Years ago, when I first started out with network programming, I didn’t expect that setting up a protocol would be such a problem.
It’s interesting that there’s a lot written about socket programming but next to nothing about protocol design, which is a very important aspect of network programming.
Many networking tutorials show how to set up a multi-user chat, which is fairly worthless in showing how a real protocol should be constructed.
There are different aspects of protocol design, but what I want to focus on are the following areas:
- How to serialize packets.
- How to split the protocol into packet types.
- How to synchronize the client and server’s data.
- Very nice things to have in your protocol.
Narrowing it down a little
There are a lot of different types of networking in games. In some cases messages might be sent over stateless HTTP/HTTPS in some text based format like XML or JSON, while many times you need a persistent connection to let the server push information to the client when necessary.
If you do very little over the wire – no more than a handful of simple messages – you’re unlikely to run into much trouble regardless of how you design things.
This is not intended as the definite guide to game protocols, but rather as a starting point for people who need a fairly complex protocol but don’t know where to start.
I’m going to limit myself to talking about writing a game protocol for persistent connections over a plain TCP socket, although most of this may be applicable in other situations with relevant modifications.
Building an example protocol
In this series we’ll be developing a protocol for a poker server over TCP. It’s not nearly going to be a complete protocol – it’s just to provide some context to the presented concepts.
For a simple poker game, the flow is roughly the following:
- Protocol handshake
- Receive table lists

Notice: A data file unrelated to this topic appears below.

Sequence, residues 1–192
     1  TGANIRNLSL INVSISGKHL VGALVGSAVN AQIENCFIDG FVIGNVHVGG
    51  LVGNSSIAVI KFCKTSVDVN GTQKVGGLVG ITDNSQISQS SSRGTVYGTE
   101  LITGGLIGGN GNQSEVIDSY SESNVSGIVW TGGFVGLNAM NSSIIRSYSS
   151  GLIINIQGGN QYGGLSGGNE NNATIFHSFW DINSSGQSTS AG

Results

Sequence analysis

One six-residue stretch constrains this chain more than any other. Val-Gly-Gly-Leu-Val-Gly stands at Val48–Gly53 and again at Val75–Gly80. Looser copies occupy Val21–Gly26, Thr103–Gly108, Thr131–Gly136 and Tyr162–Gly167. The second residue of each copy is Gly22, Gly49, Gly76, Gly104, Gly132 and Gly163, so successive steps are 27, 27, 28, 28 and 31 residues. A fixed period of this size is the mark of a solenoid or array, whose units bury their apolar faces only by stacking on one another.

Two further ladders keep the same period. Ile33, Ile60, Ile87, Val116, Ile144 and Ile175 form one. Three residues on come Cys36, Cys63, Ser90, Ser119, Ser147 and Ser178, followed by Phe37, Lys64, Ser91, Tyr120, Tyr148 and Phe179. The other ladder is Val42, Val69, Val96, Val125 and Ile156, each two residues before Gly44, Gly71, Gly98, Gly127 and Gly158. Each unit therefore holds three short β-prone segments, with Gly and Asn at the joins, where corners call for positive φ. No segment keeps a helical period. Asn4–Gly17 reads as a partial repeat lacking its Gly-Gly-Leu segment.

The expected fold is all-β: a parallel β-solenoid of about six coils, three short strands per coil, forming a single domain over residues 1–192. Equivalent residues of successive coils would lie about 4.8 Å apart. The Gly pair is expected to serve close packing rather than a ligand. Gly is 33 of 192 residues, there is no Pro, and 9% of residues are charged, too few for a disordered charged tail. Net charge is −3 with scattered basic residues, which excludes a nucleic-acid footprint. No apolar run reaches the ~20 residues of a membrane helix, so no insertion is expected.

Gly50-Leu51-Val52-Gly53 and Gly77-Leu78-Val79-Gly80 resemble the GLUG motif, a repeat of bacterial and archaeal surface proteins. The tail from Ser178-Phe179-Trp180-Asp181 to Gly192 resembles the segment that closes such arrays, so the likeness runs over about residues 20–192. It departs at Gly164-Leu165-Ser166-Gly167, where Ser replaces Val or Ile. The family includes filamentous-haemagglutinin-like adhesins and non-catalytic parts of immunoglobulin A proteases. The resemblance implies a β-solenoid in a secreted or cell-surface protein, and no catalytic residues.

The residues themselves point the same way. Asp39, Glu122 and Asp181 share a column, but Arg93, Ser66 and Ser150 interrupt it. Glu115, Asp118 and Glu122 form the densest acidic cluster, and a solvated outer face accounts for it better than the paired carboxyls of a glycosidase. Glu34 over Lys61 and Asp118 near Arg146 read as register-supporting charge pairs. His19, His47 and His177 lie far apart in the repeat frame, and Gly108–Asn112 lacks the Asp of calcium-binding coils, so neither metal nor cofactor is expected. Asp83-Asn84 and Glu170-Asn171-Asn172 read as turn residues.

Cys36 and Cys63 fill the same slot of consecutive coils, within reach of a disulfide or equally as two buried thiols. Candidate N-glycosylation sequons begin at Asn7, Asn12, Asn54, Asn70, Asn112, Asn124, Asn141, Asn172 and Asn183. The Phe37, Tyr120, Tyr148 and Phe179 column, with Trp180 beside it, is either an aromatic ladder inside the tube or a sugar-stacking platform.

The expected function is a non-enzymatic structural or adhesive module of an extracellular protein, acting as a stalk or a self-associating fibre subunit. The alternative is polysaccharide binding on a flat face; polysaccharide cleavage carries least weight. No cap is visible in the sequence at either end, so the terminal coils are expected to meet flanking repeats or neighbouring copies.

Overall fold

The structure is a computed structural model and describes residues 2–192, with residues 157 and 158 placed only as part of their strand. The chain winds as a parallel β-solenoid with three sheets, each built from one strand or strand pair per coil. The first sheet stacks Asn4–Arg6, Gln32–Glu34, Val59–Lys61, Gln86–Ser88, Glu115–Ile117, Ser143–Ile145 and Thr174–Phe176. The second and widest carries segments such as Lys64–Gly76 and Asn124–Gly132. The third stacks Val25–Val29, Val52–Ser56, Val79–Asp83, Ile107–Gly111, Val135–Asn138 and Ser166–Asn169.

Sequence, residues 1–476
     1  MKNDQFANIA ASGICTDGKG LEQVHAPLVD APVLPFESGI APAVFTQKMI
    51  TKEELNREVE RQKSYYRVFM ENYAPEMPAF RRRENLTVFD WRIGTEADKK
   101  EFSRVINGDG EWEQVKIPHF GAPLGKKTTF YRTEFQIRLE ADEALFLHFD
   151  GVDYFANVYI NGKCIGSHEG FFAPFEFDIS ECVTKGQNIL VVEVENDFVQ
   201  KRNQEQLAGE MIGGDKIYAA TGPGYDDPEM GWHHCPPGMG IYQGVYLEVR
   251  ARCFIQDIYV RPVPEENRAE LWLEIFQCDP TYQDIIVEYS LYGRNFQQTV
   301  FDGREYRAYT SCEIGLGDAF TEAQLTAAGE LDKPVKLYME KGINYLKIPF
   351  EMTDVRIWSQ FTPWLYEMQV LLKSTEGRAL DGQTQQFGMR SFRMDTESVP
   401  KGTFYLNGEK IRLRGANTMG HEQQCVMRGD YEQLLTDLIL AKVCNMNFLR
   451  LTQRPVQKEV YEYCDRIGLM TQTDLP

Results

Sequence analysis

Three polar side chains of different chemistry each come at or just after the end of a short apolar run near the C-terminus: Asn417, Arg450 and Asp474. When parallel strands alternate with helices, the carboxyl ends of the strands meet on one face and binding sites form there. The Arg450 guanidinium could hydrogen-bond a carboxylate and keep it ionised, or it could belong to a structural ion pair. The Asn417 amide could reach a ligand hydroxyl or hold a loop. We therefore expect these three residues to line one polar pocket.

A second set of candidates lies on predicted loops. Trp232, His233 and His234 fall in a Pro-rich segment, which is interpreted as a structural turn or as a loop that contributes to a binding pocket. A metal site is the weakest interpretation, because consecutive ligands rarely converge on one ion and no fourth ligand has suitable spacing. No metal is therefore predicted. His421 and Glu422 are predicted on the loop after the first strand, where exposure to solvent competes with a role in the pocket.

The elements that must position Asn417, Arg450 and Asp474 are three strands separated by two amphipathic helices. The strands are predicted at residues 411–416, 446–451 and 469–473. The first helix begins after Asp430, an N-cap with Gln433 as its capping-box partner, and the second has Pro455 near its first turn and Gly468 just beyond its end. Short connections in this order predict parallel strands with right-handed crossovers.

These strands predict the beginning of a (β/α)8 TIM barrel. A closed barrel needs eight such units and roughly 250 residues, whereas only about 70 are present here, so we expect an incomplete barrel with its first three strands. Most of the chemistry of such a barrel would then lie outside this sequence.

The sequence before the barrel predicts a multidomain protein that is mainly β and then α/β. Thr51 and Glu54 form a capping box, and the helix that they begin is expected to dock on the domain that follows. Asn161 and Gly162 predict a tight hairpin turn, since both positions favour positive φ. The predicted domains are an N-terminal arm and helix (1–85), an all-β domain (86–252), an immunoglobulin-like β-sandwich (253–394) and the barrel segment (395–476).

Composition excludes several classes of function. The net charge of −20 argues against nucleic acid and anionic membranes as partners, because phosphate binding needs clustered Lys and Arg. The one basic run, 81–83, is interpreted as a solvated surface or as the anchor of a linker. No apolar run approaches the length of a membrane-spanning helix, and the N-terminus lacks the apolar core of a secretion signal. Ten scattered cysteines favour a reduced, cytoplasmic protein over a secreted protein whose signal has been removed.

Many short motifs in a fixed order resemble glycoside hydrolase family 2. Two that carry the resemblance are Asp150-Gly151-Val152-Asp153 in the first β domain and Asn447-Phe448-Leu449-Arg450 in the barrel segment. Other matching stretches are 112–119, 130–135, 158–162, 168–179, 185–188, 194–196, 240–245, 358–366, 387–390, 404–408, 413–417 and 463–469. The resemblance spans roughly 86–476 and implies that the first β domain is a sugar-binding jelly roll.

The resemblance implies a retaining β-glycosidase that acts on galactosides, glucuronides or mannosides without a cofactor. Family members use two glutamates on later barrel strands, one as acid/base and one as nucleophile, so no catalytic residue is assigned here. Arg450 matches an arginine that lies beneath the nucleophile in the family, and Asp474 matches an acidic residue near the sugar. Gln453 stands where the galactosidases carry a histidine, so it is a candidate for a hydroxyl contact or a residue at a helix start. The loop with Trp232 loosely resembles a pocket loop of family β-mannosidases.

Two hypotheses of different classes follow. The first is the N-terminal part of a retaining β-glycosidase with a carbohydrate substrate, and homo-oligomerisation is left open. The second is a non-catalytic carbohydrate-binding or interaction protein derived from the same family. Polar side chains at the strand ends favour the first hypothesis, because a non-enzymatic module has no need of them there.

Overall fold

- Join game table
- Participate in play
- Leave table
Since we use TCP, the very first thing we need to do is delimit messages, since TCP is essentially a stream of characters.
There are fundamentally two ways to delimit packets with TCP. Either you use a delimiter character (or byte sequence) or use a header to specify the packet size.
If you have a text based protocol, this delimiter would typically be \n or 0, the former which would allow simple use of TELNET to issue commands. Even if your game protocol is binary, you might have an admin console which uses TELNET. Delimiters are easy, just keep filling the input buffer until you reach the delimiter. Just remember to guard against buffer overflows.
An essentially binary protocol might also use a text-based login handshake, then go to binary afterwards. Often this is overkill though – better run the entire protocol with a packet size header.
One of the simplest packet designs is to have an 8-bit or 16-bit unsigned int, followed by the serialized data payload. It might be tempting to increase this to 24 or 32 bits, but this is a bad idea, since queuing packets that might be 16 MB (24 bits) or even 4 GB (32 bits) is a good way to allow bugs or a malicious client to exhaust the server memory.
Besides, delivering graphics or similar heavy duty data should always be carefully handled, so the protocol allowing for such large packets in a single send is asking for trouble. Typically the 255 byte payload of unsigned 8-bit messages should be sufficient for lightweight protocols, but if you would find yourself sending over longer lists of players or similar, the max 64kb size of the 16-bit sized headers are better.
Reading a packet now looks like this:
- Read 1 (for 8-bit) or 2 (for 16-bit) bytes into a header buffer.
- From these two bytes, determine the size of the payload.
- Allocate a buffer to hold the packet payload.
- Read into this buffer until it is full or the connection is broken.
- Send the contents of the buffer for processing.
- Go to 1.
Now that we have our stream parsed into tidy packets, we can start the login process. The next entry is about the initial handshake.